Queuing Up Media For The Road

As this entry posts, I’m on vacation. I’m currently on break for school between the summer and Fall semester and I’m not taking any work with me so I’m expecting to have a good bit of down time on the trip including two cross country flights and 12+ hours of driving. (I'll be a passenger.)  With the craziness of the past year I’ve developed quite the backlog of TV shows from the Fall I never had an opportunity to watch and several books I wanted to read but haven’t had the time. I’m looking forward to using this opportunity to catch up on my media.  

OverDrive for Mac

OverDrive for Mac

I’ve recently discovered our local library has an extensive collection of digital as well as CD audiobooks that can be borrowed. Digital books can be synced to the iPhone and other supported media players with the assistance of the OverDrive App. Shortly before the trip I checked out a couple of audiobooks I’ve been interested in reading. The selection probably isn’t as vast as a commercial service like Audible, and the books expire and have to be “checked back in” but I’ve never found a shortage of things to read.



I am able to download content form my TiVo Roamio using an application called cTivo, which I covered in 2014. The developer of cTiVo has continued to develop and make enhancements and refinements to the App since my original review. It can discover TiVos on your local network, download and encode shows for viewing on a number of devices and even skip the commercials before adding shows to iTunes. TiVo has similar functionality now with their own Stream device, but I’ve found cTivo a great way to take the content I’ve already recorded with me on the road.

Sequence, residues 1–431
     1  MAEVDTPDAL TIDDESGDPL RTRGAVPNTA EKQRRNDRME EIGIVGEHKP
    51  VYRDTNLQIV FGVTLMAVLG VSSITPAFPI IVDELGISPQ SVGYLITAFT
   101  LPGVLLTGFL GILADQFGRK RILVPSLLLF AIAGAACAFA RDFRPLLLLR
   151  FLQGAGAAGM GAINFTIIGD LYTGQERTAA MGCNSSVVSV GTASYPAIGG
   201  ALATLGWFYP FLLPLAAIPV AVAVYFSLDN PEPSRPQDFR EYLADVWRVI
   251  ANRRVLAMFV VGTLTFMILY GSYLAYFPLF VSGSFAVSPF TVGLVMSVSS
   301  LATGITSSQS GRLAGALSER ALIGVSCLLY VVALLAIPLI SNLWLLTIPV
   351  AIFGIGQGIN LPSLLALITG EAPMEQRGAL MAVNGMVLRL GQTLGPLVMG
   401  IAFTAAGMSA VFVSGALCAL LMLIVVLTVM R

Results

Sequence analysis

ScreenCastsOnline Monthly Magazine: Using Due with my Task Managment Workflow

This month’s issue of ScreenCasts Online Monthly Magazine is now available in Apple’s Newsstand App. In the July issue you’ll find an article from me about How I’ve incorporated the Due application into my task management workflow 

The monthly magazine is packed with streamable versions of Don’s excellent video tutorials as well as articles, reviews and tips from authors including David SparksAllison SheridanWally Cherwinski and more. The magazine is free for ScreenCasts online Premium Members or available as a separate subscription or you can pickup individual issues. You can download it in the AppStore or find more info at http://www.screencastsonline.com/magazine/

Thank You, Mac Power Users

Over 95 Mac Power Users listeners came together to donate over $7,500 to App Camp For Girls. I've long said we have the greatest audience in podcasting, now it's clear we have the most generous too. This week we have a team in Portland sponsored by your efforts.  Special MPU correspondent Daisy Sparks is on hand to learn from this girls and provide encouragement and support and will report back soon. For now, I pass along the girls thanks, and I say too, Thank You, Mac Power Users. 



See You On The Other Side...

I’m on vacation the next two weeks. I’ll have very sporadic network access as my family and I are visiting Las Vegas, Canyonlands National Park with the highlight of the trip being 3-days of rafting/camping trip in side the Grand Canyon. 

Don’t worry, David and I have pre-recorded several episodes of Mac Power Users that should hit the feeds at their designated times. I’ve also queued up a few blog posts for this site.

If you want to follow my adventures probably the best place to do so is on Instagram as that’s where I’ll be posting fairly regular photos for friends and family to follow. (My grandmother follows me on Instagram - how cool!). I’ll also be posting occasional updates to Twitter.

For those curious, I have decided to take my iPhone along with me for all parts of the trip. I’ve outfitted it with a Lifeproof FRE case and will also be storing it inside a ziplock bag inside a wet bag for extra protection while on the river. I’ll take along small battery pack for power. Much to my pleasant surprise, I’ve found several of my third party lightning cables do fit the Lifeproof’s port (including MonopriceSkiva and Scosche) despite reviews to the contrary. Perhaps there has been a slight case modification or maybe I"ve gotten lucky. Once in the Grand Canyon I’ll be using the iPhone as a camera (and possibly an iPod) only. I’ve been told to expect no cellular coverage at all until we get back to civilization.

See you on the other side!

What You Can't Do On An Apple Watch Happens to be My Favorite Feature